A WOMAN has taken to TikTok to share the ‘best’ pocket money system – and claims her dad’s monthly budget was the key to making her so good with money. 

Hannah, known online as @hannahkoumakis, regularly shares money and budgeting advice with her 36,000 followers.

In a new video, Hannah, from New Zealand, shares how her dad used to give her and her two sisters £105 ($200) each a month. 

Every month, all three girls received the same amount and had to put 40 per cent into savings. 

With the remaining 60 per cent, they had to buy anything they might want or need. 

She said: “This is the story about why my parents decided, at the age of eight, to give me $200 pocket money every single month. 


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“So at the age of eight, my parents decided, ‘you know what, we want to teach our kids how to be really good with money’. 

“And so instead of just…buying us stuff that we wanted, buying us a new barbie doll, buying us clothes, they were going to teach us how we can do it. 

“So we got given $200, but this was $150 back in the day, so let’s just use $150. 

“We didn’t just get $150 per month to spend, no. We had to be taught the power of saving. 

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“So, with $150, we had to make sure that we put aside 30 per cent into our long-term savings. 

“Now long-term savings basically meant anything that was towards a house. Long-term savings was literally a house account. 

“So at the age of eight, I was saving for my first house and I got so excited watching it grow in my bank account. 

“So that was 30 per cent. We are Christians and believe in paying tithe, so we also had to pay 10 per cent of our income to tithe. 

“That gives us 60 per cent left. With that 60 per cent, did we get to use it? No, we had to save. We had to save another 30 per cent for our short-term savings. 

“Short-term savings basically meant anything to do with buying a big ticket item, so a car. It was essentially a car account or a laptop account. 

“That brings us to a whopping 30 per cent of our income that we were allowed to spend.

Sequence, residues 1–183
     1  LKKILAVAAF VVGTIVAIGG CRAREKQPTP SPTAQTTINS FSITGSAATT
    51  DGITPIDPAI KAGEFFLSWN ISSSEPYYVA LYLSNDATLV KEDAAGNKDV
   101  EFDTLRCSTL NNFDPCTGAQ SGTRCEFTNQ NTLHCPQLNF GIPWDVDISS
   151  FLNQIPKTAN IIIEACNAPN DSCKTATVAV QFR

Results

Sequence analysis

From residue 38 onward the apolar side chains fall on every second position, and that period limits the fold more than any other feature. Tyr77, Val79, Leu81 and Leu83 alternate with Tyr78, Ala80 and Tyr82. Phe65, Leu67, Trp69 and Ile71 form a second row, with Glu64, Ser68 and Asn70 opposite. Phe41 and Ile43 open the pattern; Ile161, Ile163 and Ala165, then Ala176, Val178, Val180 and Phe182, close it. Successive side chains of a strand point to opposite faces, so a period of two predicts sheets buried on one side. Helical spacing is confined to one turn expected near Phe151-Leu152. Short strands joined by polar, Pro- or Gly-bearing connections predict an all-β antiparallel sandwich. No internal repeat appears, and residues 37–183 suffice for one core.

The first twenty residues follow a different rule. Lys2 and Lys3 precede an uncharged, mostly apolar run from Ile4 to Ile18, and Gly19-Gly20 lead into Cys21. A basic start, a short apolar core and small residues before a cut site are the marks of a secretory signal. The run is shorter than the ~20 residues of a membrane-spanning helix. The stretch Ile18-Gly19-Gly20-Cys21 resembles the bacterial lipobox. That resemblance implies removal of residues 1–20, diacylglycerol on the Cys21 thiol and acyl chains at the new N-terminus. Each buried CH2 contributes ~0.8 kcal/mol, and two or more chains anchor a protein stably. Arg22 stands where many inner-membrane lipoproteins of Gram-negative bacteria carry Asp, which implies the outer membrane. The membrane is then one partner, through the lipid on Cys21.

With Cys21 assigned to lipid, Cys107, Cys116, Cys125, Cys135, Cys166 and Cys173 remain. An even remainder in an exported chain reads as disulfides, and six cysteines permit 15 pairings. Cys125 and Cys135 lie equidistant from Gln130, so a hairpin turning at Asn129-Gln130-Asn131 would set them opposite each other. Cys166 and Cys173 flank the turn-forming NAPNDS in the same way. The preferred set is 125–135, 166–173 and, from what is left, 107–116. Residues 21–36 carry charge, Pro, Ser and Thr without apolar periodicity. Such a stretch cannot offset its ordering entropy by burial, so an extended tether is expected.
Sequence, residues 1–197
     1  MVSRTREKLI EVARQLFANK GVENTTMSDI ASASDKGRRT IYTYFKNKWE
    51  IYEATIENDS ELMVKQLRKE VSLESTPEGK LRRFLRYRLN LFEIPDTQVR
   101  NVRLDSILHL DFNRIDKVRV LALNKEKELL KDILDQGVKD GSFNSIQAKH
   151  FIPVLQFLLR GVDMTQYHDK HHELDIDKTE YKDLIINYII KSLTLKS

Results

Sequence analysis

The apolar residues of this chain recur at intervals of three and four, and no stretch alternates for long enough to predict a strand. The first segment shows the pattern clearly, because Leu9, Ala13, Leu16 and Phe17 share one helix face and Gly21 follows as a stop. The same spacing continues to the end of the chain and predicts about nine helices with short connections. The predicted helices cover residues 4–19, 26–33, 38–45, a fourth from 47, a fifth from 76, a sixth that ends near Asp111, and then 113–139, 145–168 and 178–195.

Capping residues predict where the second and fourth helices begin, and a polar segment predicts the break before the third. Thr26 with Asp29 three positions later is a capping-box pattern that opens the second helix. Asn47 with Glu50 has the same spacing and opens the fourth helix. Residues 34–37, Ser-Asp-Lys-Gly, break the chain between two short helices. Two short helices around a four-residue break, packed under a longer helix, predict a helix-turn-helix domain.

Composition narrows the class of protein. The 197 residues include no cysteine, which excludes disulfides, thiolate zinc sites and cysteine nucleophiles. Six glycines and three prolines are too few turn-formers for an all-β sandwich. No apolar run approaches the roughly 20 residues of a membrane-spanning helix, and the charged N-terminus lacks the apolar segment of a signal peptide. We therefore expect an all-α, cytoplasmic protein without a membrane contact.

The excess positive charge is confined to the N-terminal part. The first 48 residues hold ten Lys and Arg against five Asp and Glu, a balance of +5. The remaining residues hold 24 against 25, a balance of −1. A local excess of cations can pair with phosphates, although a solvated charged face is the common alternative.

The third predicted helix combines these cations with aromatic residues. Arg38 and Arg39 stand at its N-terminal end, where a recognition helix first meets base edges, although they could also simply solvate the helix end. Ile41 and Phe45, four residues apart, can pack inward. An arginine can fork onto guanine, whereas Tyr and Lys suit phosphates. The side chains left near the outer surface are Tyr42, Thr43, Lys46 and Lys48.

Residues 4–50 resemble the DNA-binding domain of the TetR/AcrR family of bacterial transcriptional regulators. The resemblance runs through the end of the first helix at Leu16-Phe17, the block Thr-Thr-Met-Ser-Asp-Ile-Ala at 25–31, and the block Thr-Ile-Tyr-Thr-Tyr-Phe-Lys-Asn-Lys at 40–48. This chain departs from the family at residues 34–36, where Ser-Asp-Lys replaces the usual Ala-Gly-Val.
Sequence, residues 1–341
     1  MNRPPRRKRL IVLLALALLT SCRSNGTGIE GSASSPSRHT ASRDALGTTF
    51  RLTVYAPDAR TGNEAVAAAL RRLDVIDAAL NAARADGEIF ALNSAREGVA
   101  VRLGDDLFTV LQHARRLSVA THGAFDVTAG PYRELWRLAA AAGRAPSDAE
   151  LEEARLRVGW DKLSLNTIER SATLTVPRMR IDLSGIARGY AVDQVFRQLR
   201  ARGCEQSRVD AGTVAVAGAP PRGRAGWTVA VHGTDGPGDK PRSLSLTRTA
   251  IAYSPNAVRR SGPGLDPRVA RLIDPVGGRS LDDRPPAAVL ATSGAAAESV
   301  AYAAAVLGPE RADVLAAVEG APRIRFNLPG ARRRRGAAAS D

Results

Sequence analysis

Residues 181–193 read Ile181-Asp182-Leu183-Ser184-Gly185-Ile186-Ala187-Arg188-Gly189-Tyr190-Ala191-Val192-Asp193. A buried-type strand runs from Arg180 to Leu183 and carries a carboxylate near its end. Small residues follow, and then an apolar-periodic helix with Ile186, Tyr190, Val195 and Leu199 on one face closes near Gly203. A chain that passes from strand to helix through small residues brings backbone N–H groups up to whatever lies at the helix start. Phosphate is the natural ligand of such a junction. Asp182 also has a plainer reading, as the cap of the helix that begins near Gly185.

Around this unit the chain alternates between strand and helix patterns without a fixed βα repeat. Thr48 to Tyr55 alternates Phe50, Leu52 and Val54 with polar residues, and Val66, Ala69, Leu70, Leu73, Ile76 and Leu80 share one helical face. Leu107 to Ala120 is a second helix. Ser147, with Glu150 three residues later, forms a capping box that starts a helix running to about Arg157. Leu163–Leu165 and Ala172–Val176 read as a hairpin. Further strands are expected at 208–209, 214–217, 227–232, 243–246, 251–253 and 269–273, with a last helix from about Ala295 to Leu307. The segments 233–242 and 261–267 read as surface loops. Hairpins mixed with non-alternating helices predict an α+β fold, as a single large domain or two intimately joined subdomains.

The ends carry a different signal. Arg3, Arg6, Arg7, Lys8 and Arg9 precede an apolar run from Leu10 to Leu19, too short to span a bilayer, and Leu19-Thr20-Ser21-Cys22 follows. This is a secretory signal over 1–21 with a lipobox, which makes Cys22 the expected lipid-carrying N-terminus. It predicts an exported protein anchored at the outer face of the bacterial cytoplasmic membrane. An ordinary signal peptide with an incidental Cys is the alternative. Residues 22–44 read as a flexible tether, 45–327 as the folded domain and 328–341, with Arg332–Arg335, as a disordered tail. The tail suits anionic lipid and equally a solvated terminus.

“Bare in mind, we had to buy everything. We had to buy our clothes. So if we needed a new top, we wanted a new top, we had to buy it ourselves. 

“Fortunately I was the third child, so I had a lot of hand-me-downs. But my sisters decided to make a bit of money from me, and they would sell me their clothes. 

“So I think my eldest sister found it the hardest because she was the one that actually had to buy clothes herself. 

“So whenever we wanted a new Barbie doll, we would never go up to our parents and nag them. We would literally have to save ourselves. 

“So my parents went from being, ‘no, you can’t buy this, no, no, no’ to ‘yes, you can buy this, but do you have enough money?’ 

“We were not allowed to touch any of our other accounts. This meant from the age of eight, I was literally looking forward to sales and making sure that I could get more bang for my buck. 

“But, it doesn’t just stop there. My dad instilled within us that we had to keep a finance book. 

“So if you’ve seen my previous videos, you’ll know why I document every single item that I spend because that’s been drilled within me for the past 15 years. 

“I’ve documented everything I’ve ever bought for the past 15 years. It can kind of seem a bit OTT, but I think it’s great. 

“Even whenever we would go and find money, like 10 cents on the ground, we’d write it down in our little finance book. 

“We got paid this pocket money system up until we were about 13 years old. 

From 13 years old, we had to go out and find and make money elsewhere. 

“So at the age of 14, I was making my own money through my first job. 

“I had a property press run, I also worked at Domino’s pizza. 

“But yeah, it was the best system ever because it meant that now, I really understand and I have a great appreciation for money and how hard people work to buy the things that they can.” 

Hannah’s pocket money system attracted plenty of attention online, gaining more than 154,000 likes and 1.6 million views. 

In the comments, her followers shared their thoughts on her dad’s system, with one writing: “Love this!!! we pay our kids for doing jobs weekly to spend when we are on holiday. I like your parents' system better esp the documenting of it all.”

Another said: “Wonderful, wish I had something like that.”

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A third added: “My son is about to turn 8 and I am going to do this now. Thank you.”

Others weren’t sure how useful this exercise was, with one adding: “Part of me thinks this is great, also I feel let a kid be a kid. I’m good with money and my parents didn’t do this.”

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